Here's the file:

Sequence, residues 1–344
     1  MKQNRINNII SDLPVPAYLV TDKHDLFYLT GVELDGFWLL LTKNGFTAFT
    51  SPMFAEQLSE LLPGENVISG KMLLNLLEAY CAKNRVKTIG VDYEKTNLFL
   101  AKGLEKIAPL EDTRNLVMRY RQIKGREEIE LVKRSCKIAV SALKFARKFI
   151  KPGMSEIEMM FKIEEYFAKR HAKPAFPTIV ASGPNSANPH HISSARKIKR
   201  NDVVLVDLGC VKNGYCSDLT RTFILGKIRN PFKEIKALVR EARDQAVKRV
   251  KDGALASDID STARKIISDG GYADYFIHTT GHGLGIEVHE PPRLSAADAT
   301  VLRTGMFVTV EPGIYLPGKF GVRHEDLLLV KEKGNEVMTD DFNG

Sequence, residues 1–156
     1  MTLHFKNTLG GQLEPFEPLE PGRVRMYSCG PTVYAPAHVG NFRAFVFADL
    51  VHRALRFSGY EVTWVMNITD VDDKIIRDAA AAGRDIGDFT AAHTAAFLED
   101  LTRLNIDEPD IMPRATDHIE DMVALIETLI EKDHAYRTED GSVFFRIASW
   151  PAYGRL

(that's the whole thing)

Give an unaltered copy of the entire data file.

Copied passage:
Sequence, residues 1–344
     1  MKQNRINNII SDLPVPAYLV TDKHDLFYLT GVELDGFWLL LTKNGFTAFT
    51  SPMFAEQLSE LLPGENVISG KMLLNLLEAY CAKNRVKTIG VDYEKTNLFL
   101  AKGLEKIAPL EDTRNLVMRY RQIKGREEIE LVKRSCKIAV SALKFARKFI
   151  KPGMSEIEMM FKIEEYFAKR HAKPAFPTIV ASGPNSANPH HISSARKIKR
   201  NDVVLVDLGC VKNGYCSDLT RTFILGKIRN PFKEIKALVR EARDQAVKRV
   251  KDGALASDID STARKIISDG GYADYFIHTT GHGLGIEVHE PPRLSAADAT
   301  VLRTGMFVTV EPGIYLPGKF GVRHEDLLLV KEKGNEVMTD DFNG

Sequence, residues 1–156
     1  MTLHFKNTLG GQLEPFEPLE PGRVRMYSCG PTVYAPAHVG NFRAFVFADL
    51  VHRALRFSGY EVTWVMNITD VDDKIIRDAA AAGRDIGDFT AAHTAAFLED
   101  LTRLNIDEPD IMPRATDHIE DMVALIETLI EKDHAYRTED GSVFFRIASW
   151  PAYGRL